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that waives statutory eligibility in cases in which the employer fails to respond promptly to a request for family leave. The regulation provides, so far as bears on this case, that "if the employer fails to advise the employee whether the employee is eligible [for family leave] prior to the date the requested leave is to commence, the employee will be deemed eligible." 29 C.F.R. sec. 825.110(d).

As several district courts have found (there are no appellate decisions), the regulation is invalid. E.g., McQuain v. Ebner Furnaces, Inc., 55 F.Supp.2d 763, 773-76 (N.D. Ohio 1999); Seaman v. Downtown Partnership of Baltimore, Inc., 991 F.Supp. 751, 754 (D. Md. 1998); Wolke v. Dreadnought Marine, Inc., 954 F.Supp. 1133, 1135-38 (E.D. Va. 1997). Although the Department of Labor has, like other administrative agencies, the authority to issue regulations to carry out the duties that Congress has assigned to it in the Family and Medical Leave Act, 29 U.S.C. sec. 2654, it has no authority to change the Act. But that is what the regulation tries to do. It does not address an interpretive issue that the statute leaves open, and so the principle of the Chevron case is not in play. E.g., Chevron U.S.A., Inc. v. Natural Resources Defense Council, 467 U.S. 837, 842-44 (1984); INS v. Aguirre-Aguirre, 526 U.S. 415, 424-25 (1999); NLRB. v. GranCare, Inc., 170 F.3d 662, 666 (7th Cir. 1999) (en banc); City of Chicago v. FCC, 199 F.3d 424, 428 (7th Cir. 1999). The statutory text is perfectly clear and covers the issue. The right of family leave is conferred only on employees who have worked at least 1,250 hours in the previous 12 months. Yet under the regulation a worker who had worked 8 hours before seeking family leave would be entitled to family leave if the employer neglected to inform the employee promptly that he or she was ineligible. And this regardless of whether the employee had incurred any detriment as a result of the employer's silence.

The last point is critical. If detrimental reliance were required, the regulation could be understood as creating a right of estoppel (specifically a right to estop, that is, forbid, the employer to raise a defense of ineligibility for the statutory benefits), and such a right might be thought both consistent with the statute and a reasonable method of implementing it, and so within the Department's rulemaking powers. Like other equitable doctrines, the doctrine of estoppel is invoked in a variety of statutory contexts without reference to particular statutory language. True, if the statute creates or excludes a right to plead estoppel, the creative power of the administering court or agency is suspended. But there is nothing in the Family Leave and Medical Act that relates to misleading eligibility notices or absences of notice; so far as notice is concerned, the statute merely requires the employer to post a general summary of the Act in the workplace. 26 U.S.C. sec. 2619. We do not read this provision to exclude the application of the doctrine of an estoppel in an appropriate case. And so an employer who by his silence misled an employee concerning the employee's entitlement to family leave might, if the employee reasonably relied and was harmed as a result, be estopped to plead the defense of ineligibility to the employee's claim of entitlement to family leave. See, e.g., Rager v. Dade Behring, Inc., 210 F.3d 776, 778-79 (7th Cir. 2000); Athmer v. C.E.I. Equipment Co., 121 F.3d 294, 296-97 (7th Cir. 1997); General Electric Capital Corp. v. Armadora, S.A., 37 F.3d 41, 45 (2d Cir. 1994).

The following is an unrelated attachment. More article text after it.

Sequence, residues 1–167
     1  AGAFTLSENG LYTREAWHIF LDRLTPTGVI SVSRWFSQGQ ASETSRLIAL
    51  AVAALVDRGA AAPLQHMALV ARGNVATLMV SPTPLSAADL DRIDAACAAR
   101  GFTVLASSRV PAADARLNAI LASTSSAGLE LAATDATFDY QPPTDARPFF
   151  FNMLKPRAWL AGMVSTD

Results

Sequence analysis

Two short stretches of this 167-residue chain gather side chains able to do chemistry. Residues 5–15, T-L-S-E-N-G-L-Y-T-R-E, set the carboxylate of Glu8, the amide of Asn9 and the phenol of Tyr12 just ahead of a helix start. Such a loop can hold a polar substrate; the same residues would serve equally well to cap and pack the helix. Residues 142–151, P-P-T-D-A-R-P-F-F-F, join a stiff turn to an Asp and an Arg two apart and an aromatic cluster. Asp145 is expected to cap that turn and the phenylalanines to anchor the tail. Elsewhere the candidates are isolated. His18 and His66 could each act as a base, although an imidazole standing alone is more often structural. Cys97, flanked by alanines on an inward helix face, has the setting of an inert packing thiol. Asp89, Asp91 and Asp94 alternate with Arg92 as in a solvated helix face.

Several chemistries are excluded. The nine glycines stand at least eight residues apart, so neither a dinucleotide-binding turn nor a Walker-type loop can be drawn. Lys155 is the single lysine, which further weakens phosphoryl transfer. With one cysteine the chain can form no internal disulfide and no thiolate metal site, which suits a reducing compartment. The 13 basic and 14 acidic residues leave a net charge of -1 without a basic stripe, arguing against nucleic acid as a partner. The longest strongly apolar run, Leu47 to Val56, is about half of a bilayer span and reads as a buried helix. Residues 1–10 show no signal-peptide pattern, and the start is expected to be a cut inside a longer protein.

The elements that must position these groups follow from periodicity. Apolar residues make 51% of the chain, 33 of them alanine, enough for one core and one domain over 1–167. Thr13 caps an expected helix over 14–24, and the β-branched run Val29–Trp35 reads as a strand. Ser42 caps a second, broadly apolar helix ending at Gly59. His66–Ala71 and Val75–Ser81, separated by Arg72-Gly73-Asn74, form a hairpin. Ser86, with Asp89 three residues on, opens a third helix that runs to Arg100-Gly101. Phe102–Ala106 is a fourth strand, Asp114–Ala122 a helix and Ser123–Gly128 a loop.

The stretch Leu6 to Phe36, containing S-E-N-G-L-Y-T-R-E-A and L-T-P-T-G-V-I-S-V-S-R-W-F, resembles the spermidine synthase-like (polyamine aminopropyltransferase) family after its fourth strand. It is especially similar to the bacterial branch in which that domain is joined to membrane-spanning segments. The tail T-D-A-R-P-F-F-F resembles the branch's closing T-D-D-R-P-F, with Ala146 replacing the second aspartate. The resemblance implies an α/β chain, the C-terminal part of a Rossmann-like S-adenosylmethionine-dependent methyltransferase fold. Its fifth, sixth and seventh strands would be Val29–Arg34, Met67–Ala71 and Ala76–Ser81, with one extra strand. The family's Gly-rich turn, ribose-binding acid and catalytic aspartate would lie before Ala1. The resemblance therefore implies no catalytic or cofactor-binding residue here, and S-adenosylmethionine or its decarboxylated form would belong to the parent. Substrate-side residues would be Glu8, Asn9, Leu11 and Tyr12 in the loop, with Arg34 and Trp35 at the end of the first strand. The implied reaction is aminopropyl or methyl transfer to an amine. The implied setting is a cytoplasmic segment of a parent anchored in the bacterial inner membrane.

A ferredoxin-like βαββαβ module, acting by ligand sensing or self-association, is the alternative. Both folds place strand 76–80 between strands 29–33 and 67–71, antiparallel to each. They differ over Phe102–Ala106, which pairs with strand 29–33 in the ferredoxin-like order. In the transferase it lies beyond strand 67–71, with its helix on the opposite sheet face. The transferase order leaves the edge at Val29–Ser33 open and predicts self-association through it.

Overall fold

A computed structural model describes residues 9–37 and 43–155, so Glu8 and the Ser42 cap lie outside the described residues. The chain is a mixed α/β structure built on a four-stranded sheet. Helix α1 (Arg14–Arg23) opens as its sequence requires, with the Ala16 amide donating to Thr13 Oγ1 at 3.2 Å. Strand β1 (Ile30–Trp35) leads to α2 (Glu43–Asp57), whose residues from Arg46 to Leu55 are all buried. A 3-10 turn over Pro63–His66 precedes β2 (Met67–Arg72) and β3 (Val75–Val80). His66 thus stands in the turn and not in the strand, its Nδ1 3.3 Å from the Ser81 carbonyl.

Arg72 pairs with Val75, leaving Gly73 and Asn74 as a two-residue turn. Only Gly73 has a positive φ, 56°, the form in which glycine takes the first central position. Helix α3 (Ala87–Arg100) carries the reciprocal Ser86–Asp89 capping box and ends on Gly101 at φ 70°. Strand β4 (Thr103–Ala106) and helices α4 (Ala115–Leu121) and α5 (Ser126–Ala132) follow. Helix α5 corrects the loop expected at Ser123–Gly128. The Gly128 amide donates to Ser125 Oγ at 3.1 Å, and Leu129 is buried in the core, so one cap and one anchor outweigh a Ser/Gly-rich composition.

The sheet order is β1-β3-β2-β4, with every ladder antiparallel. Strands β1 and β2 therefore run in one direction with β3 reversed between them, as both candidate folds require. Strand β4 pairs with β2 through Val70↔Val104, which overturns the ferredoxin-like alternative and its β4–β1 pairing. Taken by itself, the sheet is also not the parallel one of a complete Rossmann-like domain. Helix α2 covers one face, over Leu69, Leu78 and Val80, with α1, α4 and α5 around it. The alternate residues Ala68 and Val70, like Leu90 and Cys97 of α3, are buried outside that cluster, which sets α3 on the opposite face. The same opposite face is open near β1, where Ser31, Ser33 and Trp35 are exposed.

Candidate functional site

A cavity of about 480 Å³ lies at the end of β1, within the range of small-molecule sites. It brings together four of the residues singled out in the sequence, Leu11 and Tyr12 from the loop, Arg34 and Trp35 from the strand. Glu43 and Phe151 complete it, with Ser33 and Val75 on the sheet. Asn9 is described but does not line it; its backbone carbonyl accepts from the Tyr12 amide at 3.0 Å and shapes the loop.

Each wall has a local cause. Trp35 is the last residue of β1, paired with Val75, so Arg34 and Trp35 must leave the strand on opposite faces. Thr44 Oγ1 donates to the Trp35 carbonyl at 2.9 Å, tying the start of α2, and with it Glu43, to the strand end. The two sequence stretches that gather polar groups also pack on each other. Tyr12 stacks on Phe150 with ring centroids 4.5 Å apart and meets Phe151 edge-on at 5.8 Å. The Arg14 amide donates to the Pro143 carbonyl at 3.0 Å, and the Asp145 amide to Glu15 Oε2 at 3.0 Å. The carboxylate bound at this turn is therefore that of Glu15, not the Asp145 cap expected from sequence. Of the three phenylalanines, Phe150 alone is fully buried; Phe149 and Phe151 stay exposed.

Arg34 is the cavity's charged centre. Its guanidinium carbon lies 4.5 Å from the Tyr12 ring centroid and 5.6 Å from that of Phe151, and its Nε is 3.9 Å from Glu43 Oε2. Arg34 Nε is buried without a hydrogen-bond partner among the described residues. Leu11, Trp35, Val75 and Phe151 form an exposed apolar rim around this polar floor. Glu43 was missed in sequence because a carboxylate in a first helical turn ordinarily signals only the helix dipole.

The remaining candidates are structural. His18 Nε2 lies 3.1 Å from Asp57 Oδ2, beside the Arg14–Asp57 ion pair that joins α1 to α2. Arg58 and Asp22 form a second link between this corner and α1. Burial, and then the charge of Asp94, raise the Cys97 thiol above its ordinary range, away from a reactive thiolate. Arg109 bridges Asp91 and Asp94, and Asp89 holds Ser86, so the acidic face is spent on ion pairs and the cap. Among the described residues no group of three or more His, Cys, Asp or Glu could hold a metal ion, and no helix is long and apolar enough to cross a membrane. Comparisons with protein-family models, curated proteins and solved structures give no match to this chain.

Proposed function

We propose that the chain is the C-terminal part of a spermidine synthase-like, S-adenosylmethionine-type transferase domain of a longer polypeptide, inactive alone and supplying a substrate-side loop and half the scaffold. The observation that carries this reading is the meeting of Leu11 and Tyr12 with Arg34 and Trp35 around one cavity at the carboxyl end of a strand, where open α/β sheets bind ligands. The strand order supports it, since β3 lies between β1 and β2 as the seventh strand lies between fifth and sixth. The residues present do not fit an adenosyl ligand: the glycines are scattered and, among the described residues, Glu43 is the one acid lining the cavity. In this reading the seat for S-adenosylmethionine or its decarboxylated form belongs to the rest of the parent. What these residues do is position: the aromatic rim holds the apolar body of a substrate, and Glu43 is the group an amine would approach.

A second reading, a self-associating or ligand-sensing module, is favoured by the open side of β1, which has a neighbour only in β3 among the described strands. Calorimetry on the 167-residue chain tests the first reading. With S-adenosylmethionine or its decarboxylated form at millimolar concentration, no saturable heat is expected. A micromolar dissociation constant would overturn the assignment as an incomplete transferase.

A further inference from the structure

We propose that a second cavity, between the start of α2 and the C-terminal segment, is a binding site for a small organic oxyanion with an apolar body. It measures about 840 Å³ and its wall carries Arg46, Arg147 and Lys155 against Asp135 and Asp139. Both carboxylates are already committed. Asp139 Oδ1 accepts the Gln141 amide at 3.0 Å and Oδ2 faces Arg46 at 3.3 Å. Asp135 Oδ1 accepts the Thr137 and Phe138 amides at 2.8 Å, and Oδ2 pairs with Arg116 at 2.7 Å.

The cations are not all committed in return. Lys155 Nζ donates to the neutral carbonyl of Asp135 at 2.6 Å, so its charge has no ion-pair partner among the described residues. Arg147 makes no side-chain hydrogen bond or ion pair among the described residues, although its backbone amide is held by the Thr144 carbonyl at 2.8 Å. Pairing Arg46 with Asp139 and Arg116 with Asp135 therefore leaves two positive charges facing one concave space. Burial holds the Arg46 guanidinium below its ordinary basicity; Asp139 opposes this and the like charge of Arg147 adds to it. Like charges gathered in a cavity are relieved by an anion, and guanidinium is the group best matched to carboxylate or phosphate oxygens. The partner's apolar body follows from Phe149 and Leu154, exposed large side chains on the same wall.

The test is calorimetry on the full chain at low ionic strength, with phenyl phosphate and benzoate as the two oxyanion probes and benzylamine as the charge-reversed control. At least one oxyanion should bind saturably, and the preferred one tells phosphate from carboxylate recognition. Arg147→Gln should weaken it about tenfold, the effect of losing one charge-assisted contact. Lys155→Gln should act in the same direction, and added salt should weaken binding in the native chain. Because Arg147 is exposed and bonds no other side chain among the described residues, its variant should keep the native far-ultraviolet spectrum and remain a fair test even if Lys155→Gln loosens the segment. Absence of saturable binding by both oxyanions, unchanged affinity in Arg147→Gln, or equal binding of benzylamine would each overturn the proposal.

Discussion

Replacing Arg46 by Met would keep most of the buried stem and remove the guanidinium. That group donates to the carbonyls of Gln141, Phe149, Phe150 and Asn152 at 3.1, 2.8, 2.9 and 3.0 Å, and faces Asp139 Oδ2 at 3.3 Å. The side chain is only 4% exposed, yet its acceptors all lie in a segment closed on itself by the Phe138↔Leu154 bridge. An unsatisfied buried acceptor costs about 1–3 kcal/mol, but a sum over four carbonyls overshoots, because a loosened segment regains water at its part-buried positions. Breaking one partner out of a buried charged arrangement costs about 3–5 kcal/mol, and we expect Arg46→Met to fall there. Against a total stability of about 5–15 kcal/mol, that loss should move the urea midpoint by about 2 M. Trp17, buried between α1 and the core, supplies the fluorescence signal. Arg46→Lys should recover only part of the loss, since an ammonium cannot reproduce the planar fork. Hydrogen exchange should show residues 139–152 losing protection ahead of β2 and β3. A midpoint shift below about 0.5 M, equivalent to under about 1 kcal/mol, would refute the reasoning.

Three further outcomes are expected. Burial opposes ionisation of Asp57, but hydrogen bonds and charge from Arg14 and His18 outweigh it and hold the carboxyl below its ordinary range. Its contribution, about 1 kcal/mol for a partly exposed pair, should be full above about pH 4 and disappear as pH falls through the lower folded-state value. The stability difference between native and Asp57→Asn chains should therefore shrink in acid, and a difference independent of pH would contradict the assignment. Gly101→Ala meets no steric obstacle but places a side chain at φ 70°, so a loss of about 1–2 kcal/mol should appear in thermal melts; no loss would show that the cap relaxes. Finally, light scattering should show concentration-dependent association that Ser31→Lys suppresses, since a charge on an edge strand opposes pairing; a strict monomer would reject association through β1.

The plaintiff has made no effort to establish the...